I don't envy the New York Times or any other struggling newspaper, for that matter, their full-page ads.  The more advertisements the better.

But I did notice a full-pager in both the Times and Wall Street Journal on Friday morning that had a weird and, in some way, gruesome message.  I assume it also ran in other metropolitan newspapers in the United States and, perhaps, around the world.  After all, the company that placed these advertisement was the Tata Group, the owner of the Taj Hotel, one of the two Mumbai hotels that fell to the Islamic terrorists over the weekend.  Tata may be one of the world's largest enterprises and almost certainly the largest private enterprise.

Please take a close look at the ad.

At the top is a photo of the ornate (what I am tempted to call) cupola of what looks like a holy place.  Maybe St. Peter's or the Hagia Sophia.  Or maybe the Dome of the Rock.  No, let's not go there.  But it's none of these.  it is the architectural pinnacle of the Taj itself.  No, not the Taj Mahal.  The Taj Mahal Palace & Tower, stately and serene, an image surely taken some time before last Friday, a very commercial enterprise yearning for the spirit.

Then there is a quotation I do not recognize.  Is it from a Hindu goddess?  Perhaps.  In any case, it comes within quotation marks.  Someone uttered these words.  It could be Ratan Taja, the Group chairman.  Or maybe it's from his father.  But, you see, I am just guessing.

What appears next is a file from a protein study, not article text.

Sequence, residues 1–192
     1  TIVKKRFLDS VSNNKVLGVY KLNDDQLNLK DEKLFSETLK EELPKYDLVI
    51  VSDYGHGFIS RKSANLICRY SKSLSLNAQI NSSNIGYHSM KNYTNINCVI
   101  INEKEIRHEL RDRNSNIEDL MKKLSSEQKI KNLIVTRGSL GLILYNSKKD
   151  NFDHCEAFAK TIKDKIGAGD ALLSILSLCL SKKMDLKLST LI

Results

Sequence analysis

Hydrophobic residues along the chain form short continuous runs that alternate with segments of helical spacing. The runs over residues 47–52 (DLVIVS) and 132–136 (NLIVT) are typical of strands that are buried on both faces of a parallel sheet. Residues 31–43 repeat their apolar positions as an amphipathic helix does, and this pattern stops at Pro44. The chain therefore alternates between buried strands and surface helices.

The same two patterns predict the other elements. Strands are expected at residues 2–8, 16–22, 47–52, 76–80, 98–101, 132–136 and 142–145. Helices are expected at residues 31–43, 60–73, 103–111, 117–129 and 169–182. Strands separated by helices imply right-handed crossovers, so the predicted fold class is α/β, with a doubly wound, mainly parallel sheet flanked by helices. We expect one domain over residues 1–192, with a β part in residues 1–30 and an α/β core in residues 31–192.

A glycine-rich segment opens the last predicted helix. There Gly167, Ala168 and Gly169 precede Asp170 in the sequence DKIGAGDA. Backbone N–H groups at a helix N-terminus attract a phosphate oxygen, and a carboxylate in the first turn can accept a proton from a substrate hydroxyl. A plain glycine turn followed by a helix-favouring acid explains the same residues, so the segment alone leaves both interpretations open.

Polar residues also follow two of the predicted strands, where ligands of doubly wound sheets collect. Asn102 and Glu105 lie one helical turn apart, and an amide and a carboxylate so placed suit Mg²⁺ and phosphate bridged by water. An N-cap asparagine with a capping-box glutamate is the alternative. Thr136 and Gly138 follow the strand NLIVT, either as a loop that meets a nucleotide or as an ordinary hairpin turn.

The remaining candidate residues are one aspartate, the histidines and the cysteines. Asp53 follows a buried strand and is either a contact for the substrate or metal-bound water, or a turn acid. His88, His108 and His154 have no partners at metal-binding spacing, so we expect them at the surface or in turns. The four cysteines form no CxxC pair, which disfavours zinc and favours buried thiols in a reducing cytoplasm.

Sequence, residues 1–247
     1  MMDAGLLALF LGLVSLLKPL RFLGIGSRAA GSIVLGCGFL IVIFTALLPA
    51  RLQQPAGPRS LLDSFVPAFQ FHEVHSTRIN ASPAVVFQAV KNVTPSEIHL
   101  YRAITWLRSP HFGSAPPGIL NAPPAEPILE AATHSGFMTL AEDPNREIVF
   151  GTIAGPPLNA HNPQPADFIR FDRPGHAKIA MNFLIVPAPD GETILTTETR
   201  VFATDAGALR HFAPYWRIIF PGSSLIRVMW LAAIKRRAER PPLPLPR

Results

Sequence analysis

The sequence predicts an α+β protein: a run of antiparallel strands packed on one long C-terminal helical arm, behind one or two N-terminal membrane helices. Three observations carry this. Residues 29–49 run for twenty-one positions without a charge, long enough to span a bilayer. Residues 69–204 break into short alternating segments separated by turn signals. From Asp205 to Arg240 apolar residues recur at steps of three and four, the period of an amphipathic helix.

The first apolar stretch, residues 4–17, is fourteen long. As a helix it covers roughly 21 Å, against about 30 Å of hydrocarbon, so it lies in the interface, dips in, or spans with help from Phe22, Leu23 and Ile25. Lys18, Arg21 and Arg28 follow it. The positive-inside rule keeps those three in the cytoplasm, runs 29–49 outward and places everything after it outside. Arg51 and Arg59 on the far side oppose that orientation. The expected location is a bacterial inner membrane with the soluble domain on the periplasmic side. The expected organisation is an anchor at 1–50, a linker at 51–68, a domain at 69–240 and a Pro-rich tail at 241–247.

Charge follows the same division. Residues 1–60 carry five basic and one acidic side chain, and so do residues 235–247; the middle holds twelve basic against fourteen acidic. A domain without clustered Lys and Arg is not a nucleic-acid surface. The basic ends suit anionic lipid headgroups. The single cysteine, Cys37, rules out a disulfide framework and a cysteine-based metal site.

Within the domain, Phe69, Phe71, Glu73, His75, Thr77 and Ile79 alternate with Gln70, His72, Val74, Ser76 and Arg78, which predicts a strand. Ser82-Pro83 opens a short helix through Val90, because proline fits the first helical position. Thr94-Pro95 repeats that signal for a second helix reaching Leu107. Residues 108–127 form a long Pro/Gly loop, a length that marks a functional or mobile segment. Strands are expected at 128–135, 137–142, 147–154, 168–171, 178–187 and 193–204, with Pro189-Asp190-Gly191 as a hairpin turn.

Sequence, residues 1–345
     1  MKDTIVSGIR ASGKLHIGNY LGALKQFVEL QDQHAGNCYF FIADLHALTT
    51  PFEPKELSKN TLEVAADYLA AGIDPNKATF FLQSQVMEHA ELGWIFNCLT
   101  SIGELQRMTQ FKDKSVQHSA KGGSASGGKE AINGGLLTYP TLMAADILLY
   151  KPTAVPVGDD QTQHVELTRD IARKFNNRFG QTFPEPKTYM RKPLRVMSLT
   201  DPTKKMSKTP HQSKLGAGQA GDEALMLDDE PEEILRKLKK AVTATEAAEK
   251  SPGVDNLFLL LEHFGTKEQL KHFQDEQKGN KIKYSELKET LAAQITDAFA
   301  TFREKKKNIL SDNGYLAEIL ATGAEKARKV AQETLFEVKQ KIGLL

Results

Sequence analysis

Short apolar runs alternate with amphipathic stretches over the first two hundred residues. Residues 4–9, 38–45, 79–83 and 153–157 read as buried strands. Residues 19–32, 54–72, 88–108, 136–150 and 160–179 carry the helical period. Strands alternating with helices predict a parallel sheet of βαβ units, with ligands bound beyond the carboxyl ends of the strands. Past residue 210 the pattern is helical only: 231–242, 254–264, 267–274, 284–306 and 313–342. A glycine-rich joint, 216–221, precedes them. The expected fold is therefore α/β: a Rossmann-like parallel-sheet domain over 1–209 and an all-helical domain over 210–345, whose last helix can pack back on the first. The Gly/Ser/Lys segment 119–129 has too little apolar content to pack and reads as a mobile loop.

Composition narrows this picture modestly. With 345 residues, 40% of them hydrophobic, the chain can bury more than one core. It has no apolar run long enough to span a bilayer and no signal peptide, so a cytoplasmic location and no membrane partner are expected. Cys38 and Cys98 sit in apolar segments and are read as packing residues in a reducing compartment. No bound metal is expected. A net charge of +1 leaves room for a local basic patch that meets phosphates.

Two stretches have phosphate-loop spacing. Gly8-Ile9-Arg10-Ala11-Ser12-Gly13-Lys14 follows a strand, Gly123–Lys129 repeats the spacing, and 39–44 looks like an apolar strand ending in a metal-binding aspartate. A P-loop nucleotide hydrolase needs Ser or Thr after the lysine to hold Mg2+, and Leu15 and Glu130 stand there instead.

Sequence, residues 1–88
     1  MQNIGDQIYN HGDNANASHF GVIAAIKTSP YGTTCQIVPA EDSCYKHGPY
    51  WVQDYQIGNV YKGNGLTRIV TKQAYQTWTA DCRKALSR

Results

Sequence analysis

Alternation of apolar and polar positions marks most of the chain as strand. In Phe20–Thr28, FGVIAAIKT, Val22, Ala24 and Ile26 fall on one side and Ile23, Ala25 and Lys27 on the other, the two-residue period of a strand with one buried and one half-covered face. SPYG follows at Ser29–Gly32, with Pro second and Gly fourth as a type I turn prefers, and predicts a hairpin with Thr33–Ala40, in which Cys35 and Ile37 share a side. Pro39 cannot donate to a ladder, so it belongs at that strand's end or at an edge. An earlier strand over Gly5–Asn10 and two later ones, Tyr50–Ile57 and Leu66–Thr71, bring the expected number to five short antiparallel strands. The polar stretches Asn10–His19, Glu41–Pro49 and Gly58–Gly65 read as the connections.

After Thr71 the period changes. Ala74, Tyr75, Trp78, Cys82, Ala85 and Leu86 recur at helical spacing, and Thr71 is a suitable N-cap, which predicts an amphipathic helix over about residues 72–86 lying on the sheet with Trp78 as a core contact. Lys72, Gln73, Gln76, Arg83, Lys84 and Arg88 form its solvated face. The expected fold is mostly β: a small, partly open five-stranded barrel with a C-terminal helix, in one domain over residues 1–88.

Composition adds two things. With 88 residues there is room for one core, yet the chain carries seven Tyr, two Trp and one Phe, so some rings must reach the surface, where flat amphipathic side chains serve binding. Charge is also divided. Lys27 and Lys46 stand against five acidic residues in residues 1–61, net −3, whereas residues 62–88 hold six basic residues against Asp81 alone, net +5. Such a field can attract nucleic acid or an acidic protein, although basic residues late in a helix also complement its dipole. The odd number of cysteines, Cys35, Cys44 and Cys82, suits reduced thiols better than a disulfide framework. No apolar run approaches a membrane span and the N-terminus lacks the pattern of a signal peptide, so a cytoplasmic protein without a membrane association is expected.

Here is the statement, a bit empty, a bit pompous, in capitol letters, just like in the ad.  (Gee, I hope these are not the words of some holy man.)  "I HAVE HELD MY GROUND AS HUMAN HISTORY HAS UNFOLDED IN ITS TIMELESS PROCESSION OF LAUGHTER AND TEARS, COURAGE AND COWARDICE, GOOD AND EVIL.  I WILL PREVAIL."

The message is not exactly resilient.  It is, on the contrary, rather passive.  Ah, maybe the words are Gandhi's words  But, let's face it, the Mahatma did not prevail.  Yes, he did force the British out. Still, after that, his project has been a failure.

Then there are another hundred words.  Not a mention of the other hotel or the railroad station or the hitch-hikers' hangout or the Chabad House in which its Jewish inhabitants were actually tortured.  Even terror makes its distinctions.

So what was the purpose of the enormity?  It was, the ad says, an "attack on the Taj."

And what after?  "Now that the smoke has cleared, a different fire is burning within us: to resurrect the Taj in all its brilliance...We will reopen soon,  Like India, the Tal will stand tall for years to come."

"To resurrect the Taj in all its brilliance."  That is not a brilliant aspiration.  It won't even protect the hotel from another assault.

There were no defenders against the ten assumed-to-be-on-their-way soldiers of death.  That would have required something more of India.  Some more that even the richest man in the country can imagine.  But "the Taj will stand tall for years to come."  That is what seems gruesome to me.